Bishops summoned to the Vatican to discuss the flight of Christians from the Middle East blamed the Israeli-Palestinian conflict for spurring much of the exodus and warned that the consequences could be devastating for the birthplace of Christianity.
Some bishops have singled out the emergence of fanatical Islam for the flight. But others have directly or indirectly accused Israel of discriminating against Arab Christians and impeding solutions to the Israeli-Palestinian conflict.
In fact, the working document of the two-week synod accused the Israeli occupation of Palestinian territories for creating difficulties in everyday life for Palestinian Christians, including their religious life since their access to holy sites is dependent on Israeli military permission.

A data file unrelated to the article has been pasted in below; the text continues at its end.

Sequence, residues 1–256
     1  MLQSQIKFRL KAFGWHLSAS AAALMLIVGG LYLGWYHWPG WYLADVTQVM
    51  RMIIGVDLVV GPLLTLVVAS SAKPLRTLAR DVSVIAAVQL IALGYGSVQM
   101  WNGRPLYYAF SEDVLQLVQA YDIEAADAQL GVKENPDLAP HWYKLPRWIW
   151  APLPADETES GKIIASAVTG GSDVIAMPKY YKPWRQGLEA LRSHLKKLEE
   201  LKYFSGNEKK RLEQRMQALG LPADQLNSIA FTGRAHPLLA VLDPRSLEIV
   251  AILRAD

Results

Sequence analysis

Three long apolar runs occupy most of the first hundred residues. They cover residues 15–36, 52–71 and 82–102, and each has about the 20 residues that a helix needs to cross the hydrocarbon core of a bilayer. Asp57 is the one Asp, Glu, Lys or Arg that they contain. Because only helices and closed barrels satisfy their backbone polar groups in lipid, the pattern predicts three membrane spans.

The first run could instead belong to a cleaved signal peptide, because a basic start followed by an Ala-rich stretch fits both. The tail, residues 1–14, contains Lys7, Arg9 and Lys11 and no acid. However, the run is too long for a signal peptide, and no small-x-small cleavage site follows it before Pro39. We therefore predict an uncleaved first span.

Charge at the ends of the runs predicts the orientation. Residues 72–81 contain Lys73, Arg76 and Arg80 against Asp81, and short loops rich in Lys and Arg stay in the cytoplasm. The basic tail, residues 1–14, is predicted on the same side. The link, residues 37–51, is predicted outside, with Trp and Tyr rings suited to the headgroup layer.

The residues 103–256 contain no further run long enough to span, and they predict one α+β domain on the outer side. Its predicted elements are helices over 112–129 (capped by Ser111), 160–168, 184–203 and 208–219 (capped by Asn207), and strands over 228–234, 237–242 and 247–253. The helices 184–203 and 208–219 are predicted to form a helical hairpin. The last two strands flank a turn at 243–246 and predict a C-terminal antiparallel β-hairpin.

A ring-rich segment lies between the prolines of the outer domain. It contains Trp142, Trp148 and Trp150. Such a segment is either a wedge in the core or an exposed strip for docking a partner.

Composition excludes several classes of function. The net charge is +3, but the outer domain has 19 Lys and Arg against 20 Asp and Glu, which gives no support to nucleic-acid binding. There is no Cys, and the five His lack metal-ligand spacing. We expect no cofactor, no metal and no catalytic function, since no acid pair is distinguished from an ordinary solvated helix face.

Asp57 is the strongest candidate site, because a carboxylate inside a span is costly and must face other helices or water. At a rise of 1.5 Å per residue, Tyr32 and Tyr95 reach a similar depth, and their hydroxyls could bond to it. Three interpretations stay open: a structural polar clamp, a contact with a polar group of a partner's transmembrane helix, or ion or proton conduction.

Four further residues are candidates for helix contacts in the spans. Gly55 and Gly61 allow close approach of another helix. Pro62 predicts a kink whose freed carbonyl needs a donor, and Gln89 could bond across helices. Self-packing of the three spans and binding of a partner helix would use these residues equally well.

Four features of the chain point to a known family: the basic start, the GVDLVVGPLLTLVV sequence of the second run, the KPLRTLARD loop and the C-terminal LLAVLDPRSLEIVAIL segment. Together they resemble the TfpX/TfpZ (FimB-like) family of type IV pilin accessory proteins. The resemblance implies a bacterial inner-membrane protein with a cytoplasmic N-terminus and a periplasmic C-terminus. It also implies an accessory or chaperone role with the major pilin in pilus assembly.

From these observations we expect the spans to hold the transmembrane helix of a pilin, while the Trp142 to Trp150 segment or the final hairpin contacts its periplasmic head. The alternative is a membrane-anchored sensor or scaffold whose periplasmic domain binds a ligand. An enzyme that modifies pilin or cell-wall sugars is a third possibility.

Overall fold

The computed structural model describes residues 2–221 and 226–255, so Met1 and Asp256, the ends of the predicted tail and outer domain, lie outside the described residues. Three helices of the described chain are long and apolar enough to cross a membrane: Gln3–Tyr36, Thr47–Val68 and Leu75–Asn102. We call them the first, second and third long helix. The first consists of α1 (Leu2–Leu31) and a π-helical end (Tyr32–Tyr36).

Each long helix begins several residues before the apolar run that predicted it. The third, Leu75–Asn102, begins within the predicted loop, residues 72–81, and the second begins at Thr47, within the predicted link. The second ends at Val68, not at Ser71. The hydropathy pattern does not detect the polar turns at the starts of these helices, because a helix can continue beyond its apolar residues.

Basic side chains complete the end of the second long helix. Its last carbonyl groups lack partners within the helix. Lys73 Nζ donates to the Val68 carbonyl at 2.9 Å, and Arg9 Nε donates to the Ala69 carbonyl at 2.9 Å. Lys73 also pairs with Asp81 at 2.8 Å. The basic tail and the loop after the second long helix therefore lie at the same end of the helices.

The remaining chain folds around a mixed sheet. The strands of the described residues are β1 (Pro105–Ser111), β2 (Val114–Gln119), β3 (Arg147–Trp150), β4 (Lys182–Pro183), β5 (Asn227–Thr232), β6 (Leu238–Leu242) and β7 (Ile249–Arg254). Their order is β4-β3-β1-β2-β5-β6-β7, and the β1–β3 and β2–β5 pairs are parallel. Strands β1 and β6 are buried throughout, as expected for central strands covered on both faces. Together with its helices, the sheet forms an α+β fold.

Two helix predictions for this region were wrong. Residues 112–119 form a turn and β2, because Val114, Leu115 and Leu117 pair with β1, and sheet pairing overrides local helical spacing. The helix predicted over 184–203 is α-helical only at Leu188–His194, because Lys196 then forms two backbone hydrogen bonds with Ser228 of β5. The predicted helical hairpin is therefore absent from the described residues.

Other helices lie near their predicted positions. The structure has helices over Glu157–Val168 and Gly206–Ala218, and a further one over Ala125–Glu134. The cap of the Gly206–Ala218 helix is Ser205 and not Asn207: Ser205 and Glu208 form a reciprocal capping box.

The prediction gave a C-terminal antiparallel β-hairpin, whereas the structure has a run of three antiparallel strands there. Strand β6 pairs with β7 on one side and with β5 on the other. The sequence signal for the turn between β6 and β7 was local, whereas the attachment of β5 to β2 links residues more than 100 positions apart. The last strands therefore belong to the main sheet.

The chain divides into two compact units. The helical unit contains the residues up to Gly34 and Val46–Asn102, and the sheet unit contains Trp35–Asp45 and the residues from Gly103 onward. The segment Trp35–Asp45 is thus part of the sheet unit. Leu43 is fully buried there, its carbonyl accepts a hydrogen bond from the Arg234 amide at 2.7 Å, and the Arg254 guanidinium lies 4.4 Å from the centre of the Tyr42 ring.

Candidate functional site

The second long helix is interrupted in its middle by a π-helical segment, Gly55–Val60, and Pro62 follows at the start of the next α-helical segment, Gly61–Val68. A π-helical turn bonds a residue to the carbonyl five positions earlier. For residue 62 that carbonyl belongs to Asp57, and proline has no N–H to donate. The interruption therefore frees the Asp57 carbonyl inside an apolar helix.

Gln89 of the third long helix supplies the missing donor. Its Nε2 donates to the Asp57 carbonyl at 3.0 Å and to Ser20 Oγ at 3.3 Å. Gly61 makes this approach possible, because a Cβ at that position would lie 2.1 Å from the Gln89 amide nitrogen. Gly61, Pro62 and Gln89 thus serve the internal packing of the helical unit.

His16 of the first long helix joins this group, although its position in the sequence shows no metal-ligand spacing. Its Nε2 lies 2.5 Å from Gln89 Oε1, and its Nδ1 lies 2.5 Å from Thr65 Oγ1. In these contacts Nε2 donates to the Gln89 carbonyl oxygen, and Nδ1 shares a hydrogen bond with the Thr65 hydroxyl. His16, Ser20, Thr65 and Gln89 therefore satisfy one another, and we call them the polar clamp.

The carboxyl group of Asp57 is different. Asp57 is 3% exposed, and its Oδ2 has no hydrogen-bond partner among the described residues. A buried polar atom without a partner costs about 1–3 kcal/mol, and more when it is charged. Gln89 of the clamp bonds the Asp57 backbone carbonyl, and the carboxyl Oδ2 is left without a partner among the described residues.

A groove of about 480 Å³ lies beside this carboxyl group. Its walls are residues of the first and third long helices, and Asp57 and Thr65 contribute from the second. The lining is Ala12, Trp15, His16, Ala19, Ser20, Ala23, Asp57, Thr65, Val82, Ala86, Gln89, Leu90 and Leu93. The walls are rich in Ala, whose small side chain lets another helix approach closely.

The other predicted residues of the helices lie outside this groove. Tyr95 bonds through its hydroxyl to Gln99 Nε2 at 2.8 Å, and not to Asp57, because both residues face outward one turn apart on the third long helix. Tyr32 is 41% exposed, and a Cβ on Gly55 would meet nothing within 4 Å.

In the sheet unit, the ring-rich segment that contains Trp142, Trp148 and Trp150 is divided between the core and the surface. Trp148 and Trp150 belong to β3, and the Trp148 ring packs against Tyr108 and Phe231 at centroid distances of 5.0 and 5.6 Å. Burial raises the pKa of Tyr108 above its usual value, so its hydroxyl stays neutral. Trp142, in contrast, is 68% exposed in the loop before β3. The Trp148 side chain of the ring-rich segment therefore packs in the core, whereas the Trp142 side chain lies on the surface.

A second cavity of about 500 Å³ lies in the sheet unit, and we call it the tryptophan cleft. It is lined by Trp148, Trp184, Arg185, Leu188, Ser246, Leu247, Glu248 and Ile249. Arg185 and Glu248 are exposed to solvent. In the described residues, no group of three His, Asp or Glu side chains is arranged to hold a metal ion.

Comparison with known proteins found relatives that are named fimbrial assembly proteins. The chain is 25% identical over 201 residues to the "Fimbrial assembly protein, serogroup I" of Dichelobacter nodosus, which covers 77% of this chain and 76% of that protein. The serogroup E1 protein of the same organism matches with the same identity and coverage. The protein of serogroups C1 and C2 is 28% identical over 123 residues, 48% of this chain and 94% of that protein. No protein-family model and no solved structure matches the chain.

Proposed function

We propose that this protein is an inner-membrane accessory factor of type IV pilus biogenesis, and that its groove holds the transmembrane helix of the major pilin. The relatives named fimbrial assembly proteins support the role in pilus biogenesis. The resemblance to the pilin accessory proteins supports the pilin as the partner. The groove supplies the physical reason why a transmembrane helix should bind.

Pope Benedict XVI called the two-week synod, which continued Wednesday, to try to encourage Christians in the largely Muslim region, where the Catholic Church has long been a minority and is shrinking as a result of war, conflict, discrimination and economic problems.
In Iraq alone, Catholics represented 2.89 percent of the population in 1980; by 2008 they were just .89 percent. In Israel, home to important Christian holy sites, Catholics made up 3.8 percent of the population in 1980; by 2008 they were just 1.82 percent.
Patriarch Gregory III, archbishop of the Greek-Melkites in Damascus, Syria, said fundamentalist movements such as Hamas or Hezbollah had been borne from the Israeli-Palestinian conflict and warned Tuesday that the resulting flight of Christians would make a society with only one color: only Muslim.
“Should this happen, should the East be emptied of its Christians, this would mean that any occasion would be propitious for a new clash of cultures, of civilizations and even of religions, a destructive clash between the Muslim Arab East and the Christian West,” he said.